Chasing Miracles: A Magical Realist Chronicle of Bethlehem’s Pioneering Merchants
global capitalism
historical writing
magical realism
Middle East migration
late Ottoman Palestine
Latin America

The Lives and Deaths of Jubrail Dabdoub is a groundbreaking departure from traditional historical monographs, exploring Bethlehem’s late nineteenth-century emigration boom and sudden exposure to global capitalism through magical realist prose. The book employs key tropes from the genre to convey a historical “mood,” namely the sense of wonder, excitement, bewilderment, and skepticism that swept the town as hundreds of young men set off in search of opportunity and wealth in distant lands known as Amerka, forging the first Arab diaspora. Blending source-based research with imaginative writing, Norris creates a rich montage of scenes from the life of Jubrail Dabdoub, one of Bethlehem’s pioneering transnational merchants. Representing a major contribution to the fields of Middle East migration and diaspora studies and late Ottoman Palestinian history, the work offers new insights into the symbiotic relationship between religion and commerce in the Palestinian hill town, the transformation of family and business structures, and the reshaping of masculinity. Norris’s experimental methodological approach sparks discussions about the role of the historian and the very nature of historical writing.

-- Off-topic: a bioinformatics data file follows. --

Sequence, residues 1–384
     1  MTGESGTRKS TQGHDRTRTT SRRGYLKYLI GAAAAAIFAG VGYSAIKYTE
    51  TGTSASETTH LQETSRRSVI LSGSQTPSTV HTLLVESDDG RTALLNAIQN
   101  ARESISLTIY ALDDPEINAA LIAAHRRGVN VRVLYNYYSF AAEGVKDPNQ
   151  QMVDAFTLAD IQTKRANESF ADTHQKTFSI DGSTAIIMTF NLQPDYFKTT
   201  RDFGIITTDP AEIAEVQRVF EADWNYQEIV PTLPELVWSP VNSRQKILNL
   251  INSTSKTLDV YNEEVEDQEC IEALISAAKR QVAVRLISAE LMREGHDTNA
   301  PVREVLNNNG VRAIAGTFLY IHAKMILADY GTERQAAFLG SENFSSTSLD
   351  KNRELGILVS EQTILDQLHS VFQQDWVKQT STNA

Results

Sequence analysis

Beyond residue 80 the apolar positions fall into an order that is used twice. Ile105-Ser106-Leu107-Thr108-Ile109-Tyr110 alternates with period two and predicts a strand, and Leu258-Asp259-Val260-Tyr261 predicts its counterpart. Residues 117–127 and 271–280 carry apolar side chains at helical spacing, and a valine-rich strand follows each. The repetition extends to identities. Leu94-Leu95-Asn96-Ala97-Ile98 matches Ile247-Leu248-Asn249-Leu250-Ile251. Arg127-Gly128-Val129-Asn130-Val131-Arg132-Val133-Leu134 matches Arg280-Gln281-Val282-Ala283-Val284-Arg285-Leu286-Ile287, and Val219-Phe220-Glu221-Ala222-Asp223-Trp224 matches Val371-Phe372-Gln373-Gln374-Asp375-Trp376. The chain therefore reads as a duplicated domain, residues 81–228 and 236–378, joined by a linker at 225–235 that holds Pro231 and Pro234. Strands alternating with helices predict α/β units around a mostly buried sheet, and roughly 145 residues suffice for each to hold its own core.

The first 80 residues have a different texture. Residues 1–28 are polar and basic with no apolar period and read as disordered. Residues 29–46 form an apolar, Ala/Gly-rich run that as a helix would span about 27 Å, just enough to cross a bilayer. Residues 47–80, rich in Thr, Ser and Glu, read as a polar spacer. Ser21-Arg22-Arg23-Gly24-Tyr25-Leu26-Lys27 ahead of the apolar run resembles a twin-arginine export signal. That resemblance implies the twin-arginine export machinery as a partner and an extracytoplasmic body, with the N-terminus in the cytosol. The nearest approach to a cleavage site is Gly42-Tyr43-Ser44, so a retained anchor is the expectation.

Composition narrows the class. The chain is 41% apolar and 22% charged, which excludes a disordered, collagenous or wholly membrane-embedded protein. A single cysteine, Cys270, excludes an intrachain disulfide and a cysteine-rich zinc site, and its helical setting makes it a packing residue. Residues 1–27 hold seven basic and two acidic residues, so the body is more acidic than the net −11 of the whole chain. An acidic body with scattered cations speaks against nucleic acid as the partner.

Author biography: 

Eibhlin Priestley is a history PhD candidate at the University of Cambridge researching the social and economic histories of the “Syrian” community in twentieth century Sudan